A new study presents a miniaturized camera inspired by the natural vision of predators such as eagles that captures images with a high central acuity. The camera demonstrates for the first time direct, three-dimensional printing of a complex imaging system onto a chip to form a multi-aperture camera.
The design has potential applications in areas such as endoscopy, optical sensors, and surveillance drones, and it builds upon the growing field of micro-optics that has been revolutionized by advances in 3-D printing. The system presented here involves so-called "foveated imaging," named after the fovea area of the eye, which gives the highest acuity in vision.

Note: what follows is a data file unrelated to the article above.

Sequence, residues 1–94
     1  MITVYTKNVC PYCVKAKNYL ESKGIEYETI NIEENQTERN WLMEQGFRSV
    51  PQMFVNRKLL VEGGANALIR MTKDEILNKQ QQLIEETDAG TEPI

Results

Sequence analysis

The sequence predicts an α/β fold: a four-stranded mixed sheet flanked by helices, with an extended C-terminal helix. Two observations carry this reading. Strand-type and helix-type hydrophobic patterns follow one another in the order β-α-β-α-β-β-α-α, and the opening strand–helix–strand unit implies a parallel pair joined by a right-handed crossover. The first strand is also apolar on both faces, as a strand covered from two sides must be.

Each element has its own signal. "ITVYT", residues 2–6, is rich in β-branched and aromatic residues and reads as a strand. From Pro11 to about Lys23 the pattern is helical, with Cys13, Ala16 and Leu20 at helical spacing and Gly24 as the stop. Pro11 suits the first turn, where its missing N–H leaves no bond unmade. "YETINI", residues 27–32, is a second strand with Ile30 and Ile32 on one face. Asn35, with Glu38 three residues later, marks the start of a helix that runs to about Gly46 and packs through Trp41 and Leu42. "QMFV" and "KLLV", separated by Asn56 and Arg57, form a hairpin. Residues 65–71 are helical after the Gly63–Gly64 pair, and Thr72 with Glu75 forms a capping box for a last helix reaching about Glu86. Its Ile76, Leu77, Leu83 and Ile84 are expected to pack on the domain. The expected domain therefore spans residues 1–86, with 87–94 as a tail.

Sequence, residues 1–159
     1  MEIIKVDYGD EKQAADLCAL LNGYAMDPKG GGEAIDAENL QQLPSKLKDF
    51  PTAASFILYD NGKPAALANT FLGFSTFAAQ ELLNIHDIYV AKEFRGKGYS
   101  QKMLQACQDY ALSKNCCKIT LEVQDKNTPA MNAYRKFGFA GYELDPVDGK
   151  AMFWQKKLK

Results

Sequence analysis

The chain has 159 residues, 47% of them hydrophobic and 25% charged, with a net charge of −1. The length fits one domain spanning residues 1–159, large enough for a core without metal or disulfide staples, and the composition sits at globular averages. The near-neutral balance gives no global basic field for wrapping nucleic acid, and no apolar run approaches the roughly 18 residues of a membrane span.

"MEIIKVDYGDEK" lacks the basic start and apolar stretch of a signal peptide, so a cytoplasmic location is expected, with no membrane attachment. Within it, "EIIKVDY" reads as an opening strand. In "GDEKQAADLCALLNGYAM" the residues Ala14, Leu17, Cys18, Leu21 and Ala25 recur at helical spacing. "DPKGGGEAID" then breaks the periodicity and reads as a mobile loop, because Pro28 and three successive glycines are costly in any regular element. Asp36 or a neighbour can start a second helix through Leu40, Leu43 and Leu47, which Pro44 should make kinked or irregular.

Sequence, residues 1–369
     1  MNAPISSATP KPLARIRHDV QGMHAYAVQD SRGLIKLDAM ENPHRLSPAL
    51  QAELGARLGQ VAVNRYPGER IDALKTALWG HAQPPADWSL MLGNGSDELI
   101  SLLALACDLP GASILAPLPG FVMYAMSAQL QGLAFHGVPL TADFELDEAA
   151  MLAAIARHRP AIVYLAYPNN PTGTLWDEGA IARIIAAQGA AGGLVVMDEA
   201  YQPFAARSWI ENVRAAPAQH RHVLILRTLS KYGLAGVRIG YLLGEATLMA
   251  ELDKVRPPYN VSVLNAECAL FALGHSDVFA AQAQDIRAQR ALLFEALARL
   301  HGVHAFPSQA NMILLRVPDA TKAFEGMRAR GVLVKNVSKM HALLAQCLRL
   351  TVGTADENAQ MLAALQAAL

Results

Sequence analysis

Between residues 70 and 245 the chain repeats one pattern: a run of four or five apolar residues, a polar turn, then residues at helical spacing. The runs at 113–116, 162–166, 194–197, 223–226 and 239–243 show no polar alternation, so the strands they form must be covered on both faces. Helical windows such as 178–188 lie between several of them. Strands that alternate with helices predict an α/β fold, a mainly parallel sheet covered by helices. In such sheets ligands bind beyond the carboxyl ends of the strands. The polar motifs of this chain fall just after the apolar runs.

It is based on the idea that since many tasks do not require equal clarity across a field of view, only the central view needs to be the most detailed. Simon Thiele et al.'s camera has four printed lenses, each with different focal lengths ranging from a narrow (20 degree) to a wide (70 degree) field of view. Overlaying the images rendered by each lens leads to a "foveated image" with a high resolution in the center.
Evaluation of the device demonstrated a significant improvement in the sharpness of the center of the test image between the proposed multi-lens design and a comparable single-lens configuration. Future modifications could incorporate an anti-reflective coating or find ways to reduce the fabrication time to improve commercial production.
The design could potentially outperform a conventional camera of similar size in a small microdrone, or the movable vision sensor on a robotic arm, the authors say.
Materials provided by American Association for the Advancement of Science. Note: Content may be edited for style and length.
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